A few months back I used ancestry.com to accuse my 6th great-grandfather of incest. I based that on the doubling-down of DNA and some iffy generational numbers. “How can my 5th great-grandmother bear my 5th-great grandfather? Oooooohhh.”
This week I watched a NOVA episode on DNA that explained that it’s a range of DNA matches that determines a generation, and each range can overlap with the next range. So five generations back might be 32-43 matches, and six generations back might be 41-52 matches, and 42 matches might fall in either generation. Plus, the DNA analysis only goes back five generations, so that woman was outside of the DNA analysis anyway.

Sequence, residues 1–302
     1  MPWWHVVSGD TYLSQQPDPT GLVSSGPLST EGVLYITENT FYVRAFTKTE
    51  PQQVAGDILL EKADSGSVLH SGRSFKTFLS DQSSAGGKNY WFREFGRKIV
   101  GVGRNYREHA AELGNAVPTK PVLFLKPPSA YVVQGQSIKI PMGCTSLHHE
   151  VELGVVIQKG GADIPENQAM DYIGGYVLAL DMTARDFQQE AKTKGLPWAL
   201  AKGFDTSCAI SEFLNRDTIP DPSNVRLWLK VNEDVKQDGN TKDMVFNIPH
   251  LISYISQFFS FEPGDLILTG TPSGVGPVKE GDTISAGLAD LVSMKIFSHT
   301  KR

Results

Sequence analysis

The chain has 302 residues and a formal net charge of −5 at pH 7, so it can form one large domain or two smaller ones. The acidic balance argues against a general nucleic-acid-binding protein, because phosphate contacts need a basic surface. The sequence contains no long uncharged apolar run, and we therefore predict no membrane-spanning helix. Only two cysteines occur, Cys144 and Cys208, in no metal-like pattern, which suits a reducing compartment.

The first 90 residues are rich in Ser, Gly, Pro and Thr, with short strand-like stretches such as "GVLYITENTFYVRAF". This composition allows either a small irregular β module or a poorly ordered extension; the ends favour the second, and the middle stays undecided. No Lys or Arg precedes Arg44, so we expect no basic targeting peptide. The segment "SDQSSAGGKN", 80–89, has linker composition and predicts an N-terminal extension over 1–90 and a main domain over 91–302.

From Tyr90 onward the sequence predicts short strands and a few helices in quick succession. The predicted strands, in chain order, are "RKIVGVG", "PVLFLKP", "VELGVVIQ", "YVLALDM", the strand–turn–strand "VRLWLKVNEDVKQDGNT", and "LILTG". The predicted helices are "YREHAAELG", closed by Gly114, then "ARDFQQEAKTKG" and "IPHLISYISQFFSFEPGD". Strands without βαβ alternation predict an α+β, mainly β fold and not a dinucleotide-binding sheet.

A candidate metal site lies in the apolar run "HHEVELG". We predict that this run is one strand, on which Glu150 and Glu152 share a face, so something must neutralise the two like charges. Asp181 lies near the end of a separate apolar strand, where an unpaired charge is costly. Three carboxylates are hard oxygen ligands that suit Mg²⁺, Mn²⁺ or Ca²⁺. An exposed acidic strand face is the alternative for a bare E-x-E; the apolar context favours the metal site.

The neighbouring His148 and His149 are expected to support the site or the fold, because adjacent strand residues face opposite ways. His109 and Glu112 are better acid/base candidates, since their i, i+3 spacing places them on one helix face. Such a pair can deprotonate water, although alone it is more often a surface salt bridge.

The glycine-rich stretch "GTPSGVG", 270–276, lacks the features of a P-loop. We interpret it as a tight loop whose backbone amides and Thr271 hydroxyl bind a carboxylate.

The NOVA episode also mentioned that when Ancestry.com checked my BRCA breast cancer genes, they only checked the three most common BRCA gene anomalies out of thousands.
Still, it was an interesting episode of NOVA,. I am ashamed to say I don’t always find NOVA fascinating anymore. Back in the 70s I loved it. The best episode was about Washoe the signing chimp. When I see the chimps at the zoo I always sign “BABY IN MY DRINK” in solidarity.
A visit to Wikipedia reveals that what I actually loved was a BBC show called Horizons, repackaged and re-dubbed for an American audience.
I have to admit that I conflate episodes of NOVA, Frontline, and American Experience. I have to take a moment to analyze the narrator voice I remember. Sonorous male voice? Frontline. Confidential soft female voice? American Experience. And, based on the most recent episode, NOVA is narrated by a chipper young woman. Encouraging for the girls today who need to get into the STEM field, but it doesn’t match with my ‘70s NOVA memories.